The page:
Structural priming in artificial languages and the regularisation of unpredictable variation

Olga Feher, Elizabeth Wonnacott, Kenny Smith

Research output: Contribution to journalArticlepeer-review


We present a novel experimental technique using artificial language learning to investigate the relationship between structural priming during communicative interaction, and linguistic regularity. We use unpredictable variation as a test-case, because it is a well-established paradigm to study learners’ biases during acquisition, transmission and interaction. We trained participants on artificial languages exhibiting unpredictable variation in word order, and subsequently had them communicate using these artificial languages. We found evidence for structural priming in two different grammatical constructions and across human-human and human-computer interaction. Priming occurred regardless of behavioral convergence: communication led to shared word order use only in human-human interaction, but priming was observed in all conditions. Furthermore, interaction resulted in the reduction of unpredictable variation in all conditions, suggesting a role for communicative interaction in eliminating unpredictable variation. Regularisation was strongest in human-human interaction and in a condition where participants believed they were interacting with a human but were in fact interacting with a computer. We suggest that participants recognize the counter-functional nature of unpredictable variation and thus act to eliminate this variability during communication. Furthermore, reciprocal priming occurring in human-human interaction drove some pairs of participants to converge on maximally regular, highly predictable linguistic systems. Our method offers potential benefits to both the artificial language learning and the structural priming fields, and provides a useful tool to investigate communicative processes that lead to language change and ultimately language design.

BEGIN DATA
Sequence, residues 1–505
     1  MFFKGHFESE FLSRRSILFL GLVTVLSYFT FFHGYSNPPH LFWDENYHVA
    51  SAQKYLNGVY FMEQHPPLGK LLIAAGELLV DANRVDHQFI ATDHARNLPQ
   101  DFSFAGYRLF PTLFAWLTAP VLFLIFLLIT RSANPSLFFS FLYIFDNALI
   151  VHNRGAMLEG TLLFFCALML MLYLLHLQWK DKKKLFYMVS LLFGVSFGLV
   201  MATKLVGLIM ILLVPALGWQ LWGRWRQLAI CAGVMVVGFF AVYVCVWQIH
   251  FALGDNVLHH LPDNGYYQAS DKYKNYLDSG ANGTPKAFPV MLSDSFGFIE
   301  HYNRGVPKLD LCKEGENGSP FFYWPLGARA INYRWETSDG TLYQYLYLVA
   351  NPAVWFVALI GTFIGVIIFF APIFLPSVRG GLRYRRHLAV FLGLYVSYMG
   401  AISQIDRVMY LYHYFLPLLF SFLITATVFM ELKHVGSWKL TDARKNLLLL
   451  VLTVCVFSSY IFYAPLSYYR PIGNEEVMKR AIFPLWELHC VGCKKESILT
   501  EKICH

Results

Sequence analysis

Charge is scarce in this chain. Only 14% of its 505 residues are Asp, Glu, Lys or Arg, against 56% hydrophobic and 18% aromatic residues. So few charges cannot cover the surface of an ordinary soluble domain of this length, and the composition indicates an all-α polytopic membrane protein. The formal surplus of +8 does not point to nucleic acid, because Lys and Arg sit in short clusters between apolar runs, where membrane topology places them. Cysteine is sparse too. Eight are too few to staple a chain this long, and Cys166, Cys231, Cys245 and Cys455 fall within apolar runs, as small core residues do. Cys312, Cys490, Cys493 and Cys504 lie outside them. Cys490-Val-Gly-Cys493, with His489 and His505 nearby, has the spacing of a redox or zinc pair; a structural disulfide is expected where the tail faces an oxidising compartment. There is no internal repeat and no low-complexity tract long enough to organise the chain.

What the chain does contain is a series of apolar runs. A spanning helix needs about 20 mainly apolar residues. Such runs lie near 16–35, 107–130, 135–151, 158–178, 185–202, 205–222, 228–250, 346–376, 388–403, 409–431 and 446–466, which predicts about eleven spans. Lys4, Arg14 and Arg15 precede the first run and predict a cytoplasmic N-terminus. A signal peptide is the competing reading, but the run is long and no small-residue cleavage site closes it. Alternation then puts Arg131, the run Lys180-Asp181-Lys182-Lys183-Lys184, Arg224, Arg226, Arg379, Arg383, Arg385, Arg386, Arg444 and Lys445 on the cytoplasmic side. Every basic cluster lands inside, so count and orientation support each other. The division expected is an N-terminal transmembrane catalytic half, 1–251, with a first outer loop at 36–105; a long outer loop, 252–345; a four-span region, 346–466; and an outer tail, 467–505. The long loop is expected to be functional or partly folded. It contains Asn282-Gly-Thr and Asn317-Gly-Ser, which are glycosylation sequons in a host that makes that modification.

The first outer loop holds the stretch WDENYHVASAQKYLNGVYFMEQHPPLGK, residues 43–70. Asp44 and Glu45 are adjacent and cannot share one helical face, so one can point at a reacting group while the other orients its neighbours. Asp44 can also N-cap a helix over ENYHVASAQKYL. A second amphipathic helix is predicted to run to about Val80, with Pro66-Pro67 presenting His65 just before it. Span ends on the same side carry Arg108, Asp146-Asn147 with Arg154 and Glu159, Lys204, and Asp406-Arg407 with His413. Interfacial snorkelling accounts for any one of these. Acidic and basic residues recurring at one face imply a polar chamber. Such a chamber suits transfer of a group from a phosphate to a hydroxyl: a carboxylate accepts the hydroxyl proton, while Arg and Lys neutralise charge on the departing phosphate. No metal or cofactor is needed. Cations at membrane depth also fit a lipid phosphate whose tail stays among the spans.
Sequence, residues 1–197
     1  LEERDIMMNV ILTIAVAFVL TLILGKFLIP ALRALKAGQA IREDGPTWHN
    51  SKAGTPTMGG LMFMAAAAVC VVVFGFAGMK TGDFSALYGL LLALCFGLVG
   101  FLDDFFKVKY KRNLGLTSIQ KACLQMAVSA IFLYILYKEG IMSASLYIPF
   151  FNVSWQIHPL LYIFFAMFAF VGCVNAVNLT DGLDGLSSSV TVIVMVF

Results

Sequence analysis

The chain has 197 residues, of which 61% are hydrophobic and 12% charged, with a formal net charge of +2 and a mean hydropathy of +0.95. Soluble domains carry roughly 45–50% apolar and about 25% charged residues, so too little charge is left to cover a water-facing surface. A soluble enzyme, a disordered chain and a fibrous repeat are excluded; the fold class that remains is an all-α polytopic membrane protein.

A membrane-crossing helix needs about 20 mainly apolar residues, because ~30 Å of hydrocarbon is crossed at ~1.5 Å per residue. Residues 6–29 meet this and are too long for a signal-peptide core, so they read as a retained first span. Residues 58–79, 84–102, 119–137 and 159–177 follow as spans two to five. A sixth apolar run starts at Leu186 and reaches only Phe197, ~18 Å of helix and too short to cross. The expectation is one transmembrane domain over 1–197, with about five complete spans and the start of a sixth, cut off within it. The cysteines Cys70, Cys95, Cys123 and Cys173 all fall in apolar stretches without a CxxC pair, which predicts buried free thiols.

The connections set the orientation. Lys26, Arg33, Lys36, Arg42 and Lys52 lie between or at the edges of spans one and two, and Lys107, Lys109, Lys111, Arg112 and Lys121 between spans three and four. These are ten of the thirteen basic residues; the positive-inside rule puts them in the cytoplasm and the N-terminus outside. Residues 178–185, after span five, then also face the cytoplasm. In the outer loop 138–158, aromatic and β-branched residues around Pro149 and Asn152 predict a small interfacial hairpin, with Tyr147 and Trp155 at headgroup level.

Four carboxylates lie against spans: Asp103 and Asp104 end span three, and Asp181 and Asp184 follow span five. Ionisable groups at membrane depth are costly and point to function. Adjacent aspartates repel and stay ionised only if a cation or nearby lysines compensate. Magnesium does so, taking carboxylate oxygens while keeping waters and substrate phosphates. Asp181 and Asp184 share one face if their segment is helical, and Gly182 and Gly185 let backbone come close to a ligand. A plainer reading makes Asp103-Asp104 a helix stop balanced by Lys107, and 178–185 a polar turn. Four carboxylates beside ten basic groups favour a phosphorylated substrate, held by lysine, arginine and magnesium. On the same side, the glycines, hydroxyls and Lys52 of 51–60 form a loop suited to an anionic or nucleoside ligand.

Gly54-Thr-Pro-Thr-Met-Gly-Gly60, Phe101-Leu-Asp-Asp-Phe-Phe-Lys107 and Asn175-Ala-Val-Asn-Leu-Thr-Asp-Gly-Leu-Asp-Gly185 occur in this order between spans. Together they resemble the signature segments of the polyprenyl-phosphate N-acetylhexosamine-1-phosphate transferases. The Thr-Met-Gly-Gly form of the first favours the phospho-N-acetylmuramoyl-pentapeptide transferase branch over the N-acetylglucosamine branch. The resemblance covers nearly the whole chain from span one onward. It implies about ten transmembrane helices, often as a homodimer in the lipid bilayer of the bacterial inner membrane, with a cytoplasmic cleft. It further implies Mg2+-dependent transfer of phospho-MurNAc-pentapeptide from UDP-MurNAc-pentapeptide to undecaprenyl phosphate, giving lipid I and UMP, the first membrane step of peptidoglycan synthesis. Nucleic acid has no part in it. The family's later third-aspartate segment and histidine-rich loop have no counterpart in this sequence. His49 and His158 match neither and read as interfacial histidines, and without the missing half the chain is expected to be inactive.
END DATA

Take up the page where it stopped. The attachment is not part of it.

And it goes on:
Original languageEnglish
Pages (from-to)158-180
JournalJournal of Memory and Language
Early online date7 Jul 2016
Publication statusPublished - Dec 2016


  • structural priming
  • artificial language learning
  • unpredictable variation

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